You’re gradually sifting through a mountain of gasketing material resources when you notice somebody referring to graphite gaskets.
But what makes graphite gaskets different from all the other sealing materials you’ve seen?
The gasketing projects at Strouse use many different materials to fit each design’s purpose. If flexible graphite seems like your ideal material, then it’s essential to understand its characteristics before going into production.
As you read, you’ll learn more about graphite gasket uses, pros and cons, and where to find them if they fit your project.
What Are Graphite Gaskets Used For?
Graphite is a non-porous material with a high melting point. Graphite gaskets are primarily used for high-temperature, high-pressure sealing solutions.
Some common examples of graphite gasket uses are exhaust pipes, head gaskets, oil and petrochemical facilities, vehicle engines, corrugated metal gasket coatings, and dynamic or shaft seals.
In addition, they are often looked at as non-metallic and non-asbestos gasketing alternatives.
GRAPHITE GASKET MATERIAL
Flexible graphite is a soft material that can get into surface irregularities once compressed, leading to a sealing effect. It can also be used as dynamic seals for equipment in motion because it has some natural lubricant that minimizes shaft wear.
Some graphite properties depend on the level of purity of the material you use. For instance, high-purity graphite can be brittle, which isn’t suitable for every project. You’ll want to choose a material that suits your purpose or factor additional support into your final design.
Additional support often comes in laminated foils or attached wire mesh, reinforcing the gaskets.
MAXIMUM TEMPERATURE FOR A GRAPHITE GASKET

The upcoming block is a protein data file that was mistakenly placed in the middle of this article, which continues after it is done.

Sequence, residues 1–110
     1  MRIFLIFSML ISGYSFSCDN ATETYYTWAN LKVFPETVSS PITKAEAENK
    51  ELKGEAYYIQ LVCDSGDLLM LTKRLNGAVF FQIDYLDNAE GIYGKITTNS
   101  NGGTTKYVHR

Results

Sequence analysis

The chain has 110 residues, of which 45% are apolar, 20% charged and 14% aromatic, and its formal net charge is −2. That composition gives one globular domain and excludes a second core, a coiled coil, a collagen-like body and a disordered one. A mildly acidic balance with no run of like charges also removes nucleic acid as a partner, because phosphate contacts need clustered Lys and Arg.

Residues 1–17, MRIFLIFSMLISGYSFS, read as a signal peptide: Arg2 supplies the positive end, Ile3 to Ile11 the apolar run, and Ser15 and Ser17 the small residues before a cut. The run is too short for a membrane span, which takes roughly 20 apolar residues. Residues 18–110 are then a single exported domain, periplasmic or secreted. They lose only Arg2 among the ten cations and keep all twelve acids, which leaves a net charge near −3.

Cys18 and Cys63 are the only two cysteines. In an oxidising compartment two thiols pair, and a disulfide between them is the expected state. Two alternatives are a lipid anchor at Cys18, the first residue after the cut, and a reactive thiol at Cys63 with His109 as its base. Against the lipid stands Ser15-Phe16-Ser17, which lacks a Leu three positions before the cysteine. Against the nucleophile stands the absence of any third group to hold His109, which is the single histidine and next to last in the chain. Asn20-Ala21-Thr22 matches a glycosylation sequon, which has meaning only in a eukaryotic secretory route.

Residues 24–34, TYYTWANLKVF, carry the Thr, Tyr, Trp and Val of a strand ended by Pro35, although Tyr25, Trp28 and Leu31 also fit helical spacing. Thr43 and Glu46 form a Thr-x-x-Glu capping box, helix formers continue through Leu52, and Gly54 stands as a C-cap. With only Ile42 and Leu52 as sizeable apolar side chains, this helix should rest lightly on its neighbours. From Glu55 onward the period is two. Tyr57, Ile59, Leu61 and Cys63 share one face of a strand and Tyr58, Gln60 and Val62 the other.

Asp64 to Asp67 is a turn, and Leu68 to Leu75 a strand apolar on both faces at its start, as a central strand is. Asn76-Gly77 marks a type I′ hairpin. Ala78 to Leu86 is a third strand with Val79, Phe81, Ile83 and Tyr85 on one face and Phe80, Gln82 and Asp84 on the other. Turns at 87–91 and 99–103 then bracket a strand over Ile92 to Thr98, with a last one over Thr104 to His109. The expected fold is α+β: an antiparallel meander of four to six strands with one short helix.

Graphite can typically withstand temperatures up to 850 degrees Fahrenheit, although this could depend on the material blend.
Compared to other heat resistant gasket materials, graphite gaskets have a lower thermal expansion, meaning they’ll keep their size under the high temperatures they might encounter. Thermal expansion can cause pipes carrying hot water or steam to burst.
You might therefore choose a graphite gasket, which has a low chance of changing shape, for high-temp applications where you don’t want thermal expansion.
Finally, it’s worth noting that lower-grade graphite might contain impurities that oxidize in temperatures lower than expected, causing seal failure. Matching the grade of your graphite to your temperature requirement will help prevent these types of accidents.
How Do Graphite Gaskets Compare to Others?
Flexible graphite gaskets can reach high temperatures while maintaining resistance to liquids and gasses. Yet, any higher than 850 degrees Fahrenheit, you’ll want to consider using mica or vermiculite.
Graphite gaskets are fire-safe but non-reusable. They also have a higher tendency toward oxidation and lower tensile strength.
While graphite is softer and can suffer from cracks, flexible graphite seals remain sturdy when compressed between flanges. Depending on your design and chosen material, they can be more affordable than other options.
Where Can I Find Graphite Gaskets?
Finding graphite gaskets will depend on the complexity of your gasket material and design.
If you need a simple, circular graphite gasket, you can likely find premade gaskets of the proper specifications from one of many industrial supply stores. However, gaskets with more complex designs or made from high-purity graphite sheets might be more challenging to acquire.
When searching for custom gaskets, you’ll find yourself stumbling upon flexible material converters like Strouse, who offer to make your design.
If you want custom gaskets in large quantities but you’re worried about how much custom gaskets cost, contact us for a quote: